By John Trout
It is axiomatic in the concrete repair industry that if you are going to use an epoxy there has got to be a whole bunch of surface preparation or there will be a failure — big time! Ergo, if you are going to inject a crack with an epoxy you had better think surface preparation.
Since it is pretty tough to scabble, sandblast, scarify, or otherwise abrasively prepare the internal cheeks of a crack, flowable materials are frequently considered to remove contaminants and prepare the concrete within the fault. Muriatic acid, detergents potable water, and oil free compressed air are among those commonly used.
Many cleaning procedures create more problems than they overcome. For example, if you use muriatic acid to flush a crack that is capped and ported, you may actually weaken the setup while removing little, if any, contamination.
Muriatic acid is aggressive, quickly etching or actually eroding concrete. When injected into a crack its first contact is with the concrete to which the cap and porting adapters are fixed. Continuous contact with the flow of fresh acid can permeate and weaken these bond lines.
In a crack 1/32″ (0.79 mm) wide, the acid is probably neutralized (i.e. brine) after traveling little more than 1/4″ (0.64 mm)! Although little further erosion of concrete is likely, saturation of the crack with the water is a certainty. The bond and compressive strengths of most injection resins are severely compromised unless adequate drying time is allowed.
Muriatic acid etches; it does not clean. For example, motor oil has been a common masking agent to protect architectural metals from muriatic and other acids during building cleaning. Muriatic acid does not remove oil. Muriatic acid does not remove anything except concrete.
Theoretically, a solvent or detergent would be useful in removing dirt accumulations or oil contamination. In practice however, the results are usually very poor. Though these agents may be successfully moved through the crack, it is not likely that they will effectively clean since there will be no scouring action — only a slow flow through the widest part of the crack, bypassing the narrower segments.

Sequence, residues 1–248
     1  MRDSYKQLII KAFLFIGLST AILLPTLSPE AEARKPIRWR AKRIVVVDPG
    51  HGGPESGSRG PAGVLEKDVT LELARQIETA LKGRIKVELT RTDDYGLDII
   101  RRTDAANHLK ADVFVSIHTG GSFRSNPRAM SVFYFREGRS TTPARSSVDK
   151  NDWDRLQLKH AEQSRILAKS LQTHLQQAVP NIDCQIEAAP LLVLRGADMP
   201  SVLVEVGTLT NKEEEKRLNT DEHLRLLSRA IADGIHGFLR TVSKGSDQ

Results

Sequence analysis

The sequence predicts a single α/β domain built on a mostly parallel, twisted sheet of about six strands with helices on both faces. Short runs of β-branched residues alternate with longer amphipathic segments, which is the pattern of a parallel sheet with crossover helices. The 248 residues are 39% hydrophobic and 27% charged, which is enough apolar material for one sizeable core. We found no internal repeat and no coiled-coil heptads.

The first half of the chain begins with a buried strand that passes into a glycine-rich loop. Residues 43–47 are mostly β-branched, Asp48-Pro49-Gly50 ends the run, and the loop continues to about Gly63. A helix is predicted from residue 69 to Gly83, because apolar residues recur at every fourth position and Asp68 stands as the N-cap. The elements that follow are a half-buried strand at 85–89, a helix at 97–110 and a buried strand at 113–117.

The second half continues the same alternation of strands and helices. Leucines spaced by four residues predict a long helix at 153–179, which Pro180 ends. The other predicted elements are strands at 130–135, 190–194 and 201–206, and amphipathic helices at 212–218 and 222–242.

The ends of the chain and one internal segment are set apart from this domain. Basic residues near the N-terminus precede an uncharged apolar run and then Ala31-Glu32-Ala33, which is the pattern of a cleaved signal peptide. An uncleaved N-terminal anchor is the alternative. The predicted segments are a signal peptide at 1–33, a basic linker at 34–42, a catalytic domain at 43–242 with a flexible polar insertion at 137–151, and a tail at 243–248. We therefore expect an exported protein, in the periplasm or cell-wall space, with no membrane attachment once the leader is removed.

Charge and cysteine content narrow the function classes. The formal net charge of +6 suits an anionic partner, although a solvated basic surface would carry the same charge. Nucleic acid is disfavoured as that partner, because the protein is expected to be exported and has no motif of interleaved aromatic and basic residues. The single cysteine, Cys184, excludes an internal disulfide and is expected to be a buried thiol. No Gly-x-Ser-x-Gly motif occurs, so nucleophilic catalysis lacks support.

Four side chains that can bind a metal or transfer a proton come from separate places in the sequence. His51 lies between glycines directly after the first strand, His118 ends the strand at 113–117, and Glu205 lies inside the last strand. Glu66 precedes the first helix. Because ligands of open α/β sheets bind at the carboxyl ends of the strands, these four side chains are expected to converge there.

Loose dry particles can often be removed from a sizable crack with compressed air. However, contaminants of this sort are seldom a problem.
A simple and effective cleaning technique is to simply flush the crack with the injection resin during the course of the repair. Observe the remote drool and continue dispensing until the resin is free of contaminants. When the resin looks good, contain the drain and continue with the repair.
Questions seldom asked are: “Is it necessary to clean this crack to obtain the results needed?” “So what if there is no bond — is one required?”
Even if a resin does not bond to the walls of oil-contaminated cracks for example, it still cures, making a contribution in compression. Ditto shear, since aggregate interlock is restored. If the aim is to protect the reinforcing or waterproof, this has also been achieved, since the fault is filled and reduced to a seam. True, there will be no contribution in tensile strength, but how often is one needed? Very seldom does a design depend upon the tensile strength of the concrete; steel is added to provide the tensile strength required.
So, bond or no bond, injected resin nevertheless yields a contribution in compression, restores shear, protects critical reinforcement, and waterproofs.
The results available in contaminated cracks are often surprising. For example, in a coal facility where the cracks were loaded with fly ash and dirt, the injected resin penetrated and achieved bond! On a highway project, dirt was impacted full depth into fine pavement cracks, yet, full penetration and bond were achieved!
Both of these projects would have been discouraged if cores had been taken prior to the work — too much dirt! The combined use of low viscosity resins, high pressure, and long duration produced astonishing results.* The resins literally wicked their way into the faults.
Cleaning of cracks is always costly, is seldom feasible, and is usually unnecessary.
* The coal facility was injected with an epoxy resin with a viscosity of approximately 400 centipoise. Injection pressures were about 150 psi (9 bar) and duration varied from two to five minutes. On the pavement project the resin viscosity was 200 centipoise, pressure 250 – 300 psi (15-18 bar) and duration ten minutes.
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Cleaning Cracks Before Injection: Solution — or Part of the Problem?